For an unprecedented thirty consecutive days the Mobile Riverine Force fought without rest. Its contributions were key to the many tactical successes gained in the Delta. General Westmoreland, taking a typical American view that undervalued ARVN fighting, said afterwards: 'The MRF saved the Delta.' Indeed, its stout fighting justified the Presidential Unit Citation it earned. Still, here as elsewhere, tactical success could not conceal the hard truth that the Viet Cong had demonstrated to the civilian population of the Delta that, despite American support, they could strike anywhere, anytime. Since ultimately the war would have to be won or lost through the effort of the South Vietnamese, this demonstration contributed to Communist strategic victory.
Captured .50cal machine-gun and Soviet-made rocket launcher mounted on stand. In background are two captured flags.
An MRF boat captain well understood the consequences of the Tet Offensive in the Delta: 'After Tet this whole country really changed.' Speaking of a town badly damaged in the fighting, he continued: 'The VC really tore the place up and I think the Americans more or less got blamed for it. We had to evacuate the town and when we did go back... there were quite a few Vietnamese people around who kind of looked down on us a little for leaving them.' Supporting this captain's analysis was the experience of the Mekong Delta river city of Ben Tre, which was home to some 35,000 civilians. A reinforced VC regiment numbering about 2,500 men attacked and gained substantial footholds within the city. To evict the Viet Cong, the Allies had to summon artillery and air strikes. This caused extensive damage to the city and produced one of the most memorable quotes of the war. While explaining what had taken place to a reporter, an American major said: 'It became necessary to destroy the town to save it.' The American Press played this quote to the hilt, using it to epitomize the seeming futility of the war effort.
Having suffered terrible losses, the VC reverted to more economical tactics. A Vietnamese C-47 destroyed in the artillery attack on Tan Son Shut Air Base the night of 17/18 February.
Fierce fighting also took place in the twelve central provinces. Major ground attacks struck seven provincial capitals and three other objectives. At Qui Nhon, a coastal city in II Coips area, before the attacks began, the ARVN defenders discovered the Communist plan when they captured eleven VC agents. But such was the muddle within South Vietnamese units at Tet that Communist sappers assaulted exactly as revealed and still seized their objectives. The attackers even seized the jail, where they captured the ARVN captain who had directed the successful raid that had bagged the eleven agents.
Another victim of the artillery attack at Tan Son Nhut, a F-4C Phantom II.
Typical was the battle of Ban Me Thuot in the Central Highlands. Here the 23rd ARVN Division had captured a plan for an attack on the city on about 20 January. The divisional commander, Colonel Dao Quang An, accordingly cancelled his unit's Tet leave. He put out patrols six miles from the cits', and these patrols ambushed elements of the 33rd NVA Regiment as they were moving into position. None the less, the fighting at Ban Me Thuot raged for three and a half days, with the ARVN soldiers taking heavy losses because of their inexperience in city fighting. Reluctantly, An decided he had to employ artillery and air strikes despite the resultant civilian devastation. Yet the battle continued for a solid nine days, the city centre changing hands four times before the 23rd ARVN Division regained control. An's leadership greatly impressed the Americans. An adviser commented that had he not decided to cancel Tet leaves and to deploy far-ranging ambush patrols, the city would have fallen. Further, the adviser told MACV that An's tactical handling of the battle had been flawless.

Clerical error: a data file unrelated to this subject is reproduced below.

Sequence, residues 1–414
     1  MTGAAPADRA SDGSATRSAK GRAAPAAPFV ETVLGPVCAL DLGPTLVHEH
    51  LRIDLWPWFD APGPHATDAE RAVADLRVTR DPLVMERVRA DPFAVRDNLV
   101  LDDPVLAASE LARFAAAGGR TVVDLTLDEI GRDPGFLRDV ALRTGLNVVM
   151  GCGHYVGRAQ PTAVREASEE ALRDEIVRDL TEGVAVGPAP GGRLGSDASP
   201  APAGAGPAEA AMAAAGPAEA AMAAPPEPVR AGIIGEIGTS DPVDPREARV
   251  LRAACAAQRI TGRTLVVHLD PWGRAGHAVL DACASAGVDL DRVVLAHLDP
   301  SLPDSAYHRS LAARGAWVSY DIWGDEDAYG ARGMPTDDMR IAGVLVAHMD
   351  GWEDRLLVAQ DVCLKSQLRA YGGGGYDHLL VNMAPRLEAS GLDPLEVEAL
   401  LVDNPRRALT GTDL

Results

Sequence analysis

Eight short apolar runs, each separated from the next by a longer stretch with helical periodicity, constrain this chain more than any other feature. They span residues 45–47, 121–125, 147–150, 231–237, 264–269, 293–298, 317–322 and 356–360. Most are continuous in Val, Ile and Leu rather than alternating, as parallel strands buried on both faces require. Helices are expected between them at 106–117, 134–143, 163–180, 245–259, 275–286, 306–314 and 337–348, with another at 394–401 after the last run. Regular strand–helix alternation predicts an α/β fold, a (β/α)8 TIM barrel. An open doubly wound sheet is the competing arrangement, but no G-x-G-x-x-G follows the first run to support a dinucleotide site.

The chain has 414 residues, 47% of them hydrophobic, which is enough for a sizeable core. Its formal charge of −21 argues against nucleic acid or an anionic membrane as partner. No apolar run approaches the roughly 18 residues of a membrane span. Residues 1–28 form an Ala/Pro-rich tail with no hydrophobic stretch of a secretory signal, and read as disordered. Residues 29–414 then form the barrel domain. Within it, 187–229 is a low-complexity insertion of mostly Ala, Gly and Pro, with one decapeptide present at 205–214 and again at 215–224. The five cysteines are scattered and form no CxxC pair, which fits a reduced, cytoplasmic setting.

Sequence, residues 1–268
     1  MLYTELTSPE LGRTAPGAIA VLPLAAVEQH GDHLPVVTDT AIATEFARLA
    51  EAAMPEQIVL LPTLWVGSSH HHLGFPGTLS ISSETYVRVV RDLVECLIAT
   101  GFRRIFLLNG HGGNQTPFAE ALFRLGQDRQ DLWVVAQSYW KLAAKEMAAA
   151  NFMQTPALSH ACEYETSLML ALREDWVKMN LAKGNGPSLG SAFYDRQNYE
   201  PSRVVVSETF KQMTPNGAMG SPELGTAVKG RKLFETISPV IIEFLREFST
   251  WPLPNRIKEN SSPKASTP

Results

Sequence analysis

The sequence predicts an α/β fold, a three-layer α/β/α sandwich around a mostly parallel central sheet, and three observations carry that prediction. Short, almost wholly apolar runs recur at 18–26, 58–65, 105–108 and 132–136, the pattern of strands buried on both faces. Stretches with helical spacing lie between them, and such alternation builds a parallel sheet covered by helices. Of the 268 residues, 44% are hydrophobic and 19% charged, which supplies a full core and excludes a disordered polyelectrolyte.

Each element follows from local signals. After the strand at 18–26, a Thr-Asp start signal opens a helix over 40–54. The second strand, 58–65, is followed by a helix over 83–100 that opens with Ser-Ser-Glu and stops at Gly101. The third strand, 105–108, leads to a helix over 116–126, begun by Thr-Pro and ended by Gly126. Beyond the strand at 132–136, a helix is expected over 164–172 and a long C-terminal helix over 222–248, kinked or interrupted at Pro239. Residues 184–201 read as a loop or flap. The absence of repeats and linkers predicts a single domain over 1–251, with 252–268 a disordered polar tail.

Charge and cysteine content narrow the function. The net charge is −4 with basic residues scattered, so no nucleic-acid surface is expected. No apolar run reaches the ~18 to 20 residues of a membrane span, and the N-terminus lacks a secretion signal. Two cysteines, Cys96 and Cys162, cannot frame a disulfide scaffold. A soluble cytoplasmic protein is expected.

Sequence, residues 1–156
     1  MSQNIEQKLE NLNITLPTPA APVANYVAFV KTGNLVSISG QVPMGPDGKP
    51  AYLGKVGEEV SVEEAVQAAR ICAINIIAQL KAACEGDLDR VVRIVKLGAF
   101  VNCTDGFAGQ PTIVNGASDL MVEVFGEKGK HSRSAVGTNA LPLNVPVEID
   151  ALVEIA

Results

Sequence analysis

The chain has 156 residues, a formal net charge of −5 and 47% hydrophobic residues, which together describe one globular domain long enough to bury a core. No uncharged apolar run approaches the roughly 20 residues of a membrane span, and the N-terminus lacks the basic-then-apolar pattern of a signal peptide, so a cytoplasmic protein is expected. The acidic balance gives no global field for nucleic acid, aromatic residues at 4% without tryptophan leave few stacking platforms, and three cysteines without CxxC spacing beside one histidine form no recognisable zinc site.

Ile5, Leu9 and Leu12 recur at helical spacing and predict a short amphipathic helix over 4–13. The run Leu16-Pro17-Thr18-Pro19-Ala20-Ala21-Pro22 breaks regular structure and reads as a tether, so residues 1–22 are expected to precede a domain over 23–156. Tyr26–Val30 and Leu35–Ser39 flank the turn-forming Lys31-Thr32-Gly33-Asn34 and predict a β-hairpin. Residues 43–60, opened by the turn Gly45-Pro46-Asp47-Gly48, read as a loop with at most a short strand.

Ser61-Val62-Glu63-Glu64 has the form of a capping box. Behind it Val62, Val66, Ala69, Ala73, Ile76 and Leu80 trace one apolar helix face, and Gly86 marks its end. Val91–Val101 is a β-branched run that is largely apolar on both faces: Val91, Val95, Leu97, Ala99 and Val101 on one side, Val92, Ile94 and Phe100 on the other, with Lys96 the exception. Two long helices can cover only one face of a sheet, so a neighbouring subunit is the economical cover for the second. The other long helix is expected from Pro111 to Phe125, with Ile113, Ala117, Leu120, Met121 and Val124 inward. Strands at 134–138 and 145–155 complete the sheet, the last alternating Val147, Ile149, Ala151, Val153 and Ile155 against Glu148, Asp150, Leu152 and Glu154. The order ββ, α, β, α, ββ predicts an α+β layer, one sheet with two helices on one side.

Typical soldier of the North Vietnamese Army. Illustration by Mike Chappell.
In sharp contrast was the conduct of the major general commanding in the delta. When the attack struck he was at his fortified headquarters protected by tanks and armoured infantry. He did not emerge for days, leaving his American advisers to conduct the defence. Similarly, the ARAN colonel commanding at Vinh Long cracked under the strain of events. When an American officer reported helicopters receiving fire and asked permission to return fire, all he received was a blank stare. Another adviser found the province chief wearing civilian clothes under his military uniform - just in case.
Despite heavy fighting in many places, Allied units regained control in most provincial cities within a week. On 7 February, NVA tanks spearheaded an assault that overran the Lang Vei Special Forces Camp near Khe Sanh. With hearts in their throats, the American high command wondered if this were the start of the long- expected attack on Khe Sanh. Perhaps it was just another diversionary attack against a convenient and exposed target, because the Communist high command chose not to try to exploit this success. On 17-18 February the Viet Cong created a brief stir when they made artillery assaults against Allied installations throughout the country. But in comparison with the initial operations, these were low effort/low risk harassing affairs. After the first week sustained combat took place only in Saigon and Hue.
By 21 February, the VC/NVA high command faced battlefield reality. Their assaults had been extremely costly and had failed to achieve the predicted success. Accordingly, COSVN issued orders for its units still in contact around the cities to retreat. There were to be no more ground assaults on fortified Allied installations. Instead, COSVN ordered units to revert to hit-and-run tactics characterized by mortar and rocket bombardment and sapper raids. COSVN made one exception - the units in Hue were to hold their positions.